BTTC recommends 10pc cash incentive – The Financial Express

Credit: Original article can be found here

A government body has recommended providing 10 per cent cash incentive on the export of home and kitchen appliances (non-electric) with an eye to enhancing the export growth and competitiveness of the sector.

Bangladesh Trade and Tariff Commission (BTTC), which works under the commerce ministry, has put forward the recommendation to the ministry.

“We have received a set of suggestions from the BTTC about kitchenware. We will send the recommendations to the authorities concerned after reviewing,” a senior official said.

Currently, consumer electronics or electric home and kitchen appliances enjoy a 10 per cent cash incentive against export earnings.

According to the article 27.6 under The Agreement on Subsidies and Countervailing Measures (Subsidies Agreement) of the World Trade Organization (WTO), “Export competitiveness in a product exists if a developing country Member’s exports of that product have reached a share of at least 3.25 per cent in world trade of that product for two consecutive calendar years.”

Bangladesh is not a competitive country for the export of different kitchenware (non-electric). Bangladesh’s position in world export trade of such goods was only 0.01 per cent, 0.02 per cent, 0.03 per cent and 0.03 per cent, respectively, in 2018, 2019, 2020 and 2021.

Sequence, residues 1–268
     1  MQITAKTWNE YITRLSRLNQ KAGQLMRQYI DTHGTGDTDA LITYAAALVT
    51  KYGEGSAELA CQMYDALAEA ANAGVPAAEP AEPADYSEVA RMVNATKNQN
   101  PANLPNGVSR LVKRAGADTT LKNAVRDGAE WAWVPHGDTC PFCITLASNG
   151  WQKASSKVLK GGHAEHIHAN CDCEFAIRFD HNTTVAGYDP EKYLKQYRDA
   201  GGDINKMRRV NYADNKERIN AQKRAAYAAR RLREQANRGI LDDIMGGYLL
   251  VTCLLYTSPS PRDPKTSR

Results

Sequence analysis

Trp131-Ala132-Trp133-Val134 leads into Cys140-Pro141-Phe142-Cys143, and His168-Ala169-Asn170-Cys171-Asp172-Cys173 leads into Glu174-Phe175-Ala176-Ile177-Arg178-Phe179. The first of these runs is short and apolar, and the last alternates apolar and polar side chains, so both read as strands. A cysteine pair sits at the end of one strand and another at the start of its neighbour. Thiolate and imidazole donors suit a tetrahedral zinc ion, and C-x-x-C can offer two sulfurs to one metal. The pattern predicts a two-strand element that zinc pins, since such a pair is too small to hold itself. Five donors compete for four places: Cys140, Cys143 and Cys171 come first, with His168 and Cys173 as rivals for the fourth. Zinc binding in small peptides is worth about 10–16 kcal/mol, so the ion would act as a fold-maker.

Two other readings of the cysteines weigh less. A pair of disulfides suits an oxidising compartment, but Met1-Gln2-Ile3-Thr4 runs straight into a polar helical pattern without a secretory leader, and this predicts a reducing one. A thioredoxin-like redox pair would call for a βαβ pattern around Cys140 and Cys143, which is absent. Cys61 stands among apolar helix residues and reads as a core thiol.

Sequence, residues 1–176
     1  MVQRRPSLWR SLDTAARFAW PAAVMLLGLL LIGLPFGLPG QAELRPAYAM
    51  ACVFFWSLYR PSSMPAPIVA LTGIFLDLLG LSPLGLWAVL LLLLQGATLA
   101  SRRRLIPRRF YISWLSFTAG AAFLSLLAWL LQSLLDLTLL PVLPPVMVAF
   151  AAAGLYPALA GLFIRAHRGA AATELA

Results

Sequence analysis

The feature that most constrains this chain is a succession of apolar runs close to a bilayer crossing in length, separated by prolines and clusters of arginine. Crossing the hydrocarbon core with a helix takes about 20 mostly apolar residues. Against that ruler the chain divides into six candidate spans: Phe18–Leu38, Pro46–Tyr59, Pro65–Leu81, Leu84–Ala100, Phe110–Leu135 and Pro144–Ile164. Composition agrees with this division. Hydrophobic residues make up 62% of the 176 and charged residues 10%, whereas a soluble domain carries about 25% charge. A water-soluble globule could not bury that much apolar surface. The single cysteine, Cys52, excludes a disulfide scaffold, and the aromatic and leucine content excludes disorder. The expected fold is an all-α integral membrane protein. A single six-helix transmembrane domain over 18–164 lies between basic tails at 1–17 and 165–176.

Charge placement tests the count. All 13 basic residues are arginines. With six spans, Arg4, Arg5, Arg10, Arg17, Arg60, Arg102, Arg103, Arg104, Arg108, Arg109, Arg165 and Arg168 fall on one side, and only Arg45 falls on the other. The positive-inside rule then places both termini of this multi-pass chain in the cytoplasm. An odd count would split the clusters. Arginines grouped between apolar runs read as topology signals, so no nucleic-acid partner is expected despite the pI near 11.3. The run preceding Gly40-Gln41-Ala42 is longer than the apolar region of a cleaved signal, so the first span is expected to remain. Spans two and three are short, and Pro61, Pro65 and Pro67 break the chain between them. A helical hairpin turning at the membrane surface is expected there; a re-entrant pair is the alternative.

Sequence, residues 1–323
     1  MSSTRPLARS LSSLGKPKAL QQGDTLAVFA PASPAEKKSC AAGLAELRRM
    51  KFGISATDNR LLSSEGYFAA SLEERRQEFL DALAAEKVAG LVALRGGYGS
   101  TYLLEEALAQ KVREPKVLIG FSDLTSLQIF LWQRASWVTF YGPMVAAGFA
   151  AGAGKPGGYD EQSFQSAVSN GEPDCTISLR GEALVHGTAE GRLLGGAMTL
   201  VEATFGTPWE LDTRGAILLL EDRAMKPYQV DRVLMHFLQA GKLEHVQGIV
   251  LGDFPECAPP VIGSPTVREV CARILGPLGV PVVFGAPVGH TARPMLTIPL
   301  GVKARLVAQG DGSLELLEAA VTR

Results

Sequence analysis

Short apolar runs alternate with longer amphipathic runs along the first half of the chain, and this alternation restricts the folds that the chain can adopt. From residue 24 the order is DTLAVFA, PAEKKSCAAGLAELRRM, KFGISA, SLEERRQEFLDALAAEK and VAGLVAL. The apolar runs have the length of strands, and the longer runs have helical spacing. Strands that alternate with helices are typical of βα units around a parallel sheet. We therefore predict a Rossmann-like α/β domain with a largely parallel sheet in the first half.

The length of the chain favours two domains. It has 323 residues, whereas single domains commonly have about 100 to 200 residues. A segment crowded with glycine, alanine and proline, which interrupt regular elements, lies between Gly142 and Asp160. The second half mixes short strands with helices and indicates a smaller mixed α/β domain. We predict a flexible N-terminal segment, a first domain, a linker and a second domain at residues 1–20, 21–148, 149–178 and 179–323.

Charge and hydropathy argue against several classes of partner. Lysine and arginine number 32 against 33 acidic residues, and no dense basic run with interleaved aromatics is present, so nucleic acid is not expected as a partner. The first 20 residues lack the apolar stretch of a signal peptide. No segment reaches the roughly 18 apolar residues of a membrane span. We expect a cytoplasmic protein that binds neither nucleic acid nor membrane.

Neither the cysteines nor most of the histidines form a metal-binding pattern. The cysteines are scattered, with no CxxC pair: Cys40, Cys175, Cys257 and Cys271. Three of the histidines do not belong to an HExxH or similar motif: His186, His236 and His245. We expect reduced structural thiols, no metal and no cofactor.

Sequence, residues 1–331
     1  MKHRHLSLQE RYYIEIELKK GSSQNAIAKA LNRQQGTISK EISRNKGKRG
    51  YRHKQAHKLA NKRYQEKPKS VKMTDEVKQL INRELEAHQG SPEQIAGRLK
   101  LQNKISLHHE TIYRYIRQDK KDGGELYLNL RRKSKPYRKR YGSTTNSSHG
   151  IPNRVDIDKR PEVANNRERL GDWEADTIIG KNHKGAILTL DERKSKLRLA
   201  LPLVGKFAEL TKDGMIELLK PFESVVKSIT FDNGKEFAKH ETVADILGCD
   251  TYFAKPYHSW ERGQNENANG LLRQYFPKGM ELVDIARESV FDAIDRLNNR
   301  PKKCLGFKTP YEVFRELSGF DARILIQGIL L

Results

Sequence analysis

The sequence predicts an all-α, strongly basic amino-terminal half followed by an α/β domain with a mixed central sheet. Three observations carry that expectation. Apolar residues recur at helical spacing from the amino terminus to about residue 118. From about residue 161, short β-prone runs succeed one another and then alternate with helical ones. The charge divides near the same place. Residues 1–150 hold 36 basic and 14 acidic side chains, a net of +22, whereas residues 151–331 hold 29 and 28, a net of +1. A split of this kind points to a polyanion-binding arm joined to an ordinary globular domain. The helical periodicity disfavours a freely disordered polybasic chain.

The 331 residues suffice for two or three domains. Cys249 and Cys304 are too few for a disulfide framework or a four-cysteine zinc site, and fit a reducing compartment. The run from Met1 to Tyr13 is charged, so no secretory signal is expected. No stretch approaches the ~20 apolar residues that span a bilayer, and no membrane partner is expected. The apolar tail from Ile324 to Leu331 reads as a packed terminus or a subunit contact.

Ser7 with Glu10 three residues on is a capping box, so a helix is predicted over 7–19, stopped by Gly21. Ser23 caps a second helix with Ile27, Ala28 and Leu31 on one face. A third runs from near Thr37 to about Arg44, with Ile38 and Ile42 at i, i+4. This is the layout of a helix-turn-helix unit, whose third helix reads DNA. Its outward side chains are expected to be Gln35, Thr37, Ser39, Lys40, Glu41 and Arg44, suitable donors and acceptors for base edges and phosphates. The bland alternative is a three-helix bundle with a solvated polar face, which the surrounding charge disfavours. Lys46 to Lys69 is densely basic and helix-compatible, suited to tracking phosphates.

The light engineering sector has been given a priority sector in the current Export Policy-2021-24.

The country exported such products worth US$ 17.09 million in the fiscal year (FY) of 2021-22.

The export growth of the sector was 123 per cent, 46 per cent and 34 per cent in the FY 2019-20, 2020-21 and 2021-22 respectively.

Meanwhile, the kitchenware items are being exported to the UAE, Canada, Bhutan, Australia, Djibouti, Fiji, France, UK, USA, India, Sri Lanka, New Zealand, the Philippines, Thailand, Taiwan, etc.

The volume of average value addition of the non-electric kitchenware products is 33-34 per cent, according to BTTC.

The main raw material for producing the goods is aluminium. Besides, polypropylenes, stainless steel and glass are also used to produce the items. The raw materials are imported from different countries, including China, India and Singapore.

Local producers have to pay higher duties and taxes on the import of raw materials of the products.

The government imposes 31 per cent to 89 per cent total tax incidence on the import of the raw materials, said a BTTC source.

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